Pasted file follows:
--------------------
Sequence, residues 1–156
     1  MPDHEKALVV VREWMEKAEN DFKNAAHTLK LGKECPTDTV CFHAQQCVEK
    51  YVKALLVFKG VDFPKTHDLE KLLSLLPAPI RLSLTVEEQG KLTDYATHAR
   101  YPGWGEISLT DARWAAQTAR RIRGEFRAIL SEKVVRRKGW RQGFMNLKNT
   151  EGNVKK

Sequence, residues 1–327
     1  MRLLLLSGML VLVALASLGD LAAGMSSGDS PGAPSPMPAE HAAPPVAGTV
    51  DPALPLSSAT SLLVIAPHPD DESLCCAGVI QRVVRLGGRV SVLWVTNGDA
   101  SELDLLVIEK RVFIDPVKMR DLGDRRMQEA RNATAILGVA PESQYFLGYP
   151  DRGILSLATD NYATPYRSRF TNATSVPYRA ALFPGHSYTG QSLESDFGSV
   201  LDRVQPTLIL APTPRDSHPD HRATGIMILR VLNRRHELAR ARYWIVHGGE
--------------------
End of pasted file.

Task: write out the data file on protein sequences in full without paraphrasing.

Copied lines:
Sequence, residues 1–156
     1  MPDHEKALVV VREWMEKAEN DFKNAAHTLK LGKECPTDTV CFHAQQCVEK
    51  YVKALLVFKG VDFPKTHDLE KLLSLLPAPI RLSLTVEEQG KLTDYATHAR
   101  YPGWGEISLT DARWAAQTAR RIRGEFRAIL SEKVVRRKGW RQGFMNLKNT
   151  EGNVKK

Sequence, residues 1–327
     1  MRLLLLSGML VLVALASLGD LAAGMSSGDS PGAPSPMPAE HAAPPVAGTV
    51  DPALPLSSAT SLLVIAPHPD DESLCCAGVI QRVVRLGGRV SVLWVTNGDA
   101  SELDLLVIEK RVFIDPVKMR DLGDRRMQEA RNATAILGVA PESQYFLGYP
   151  DRGILSLATD NYATPYRSRF TNATSVPYRA ALFPGHSYTG QSLESDFGSV
   201  LDRVQPTLIL APTPRDSHPD HRATGIMILR VLNRRHELAR ARYWIVHGGE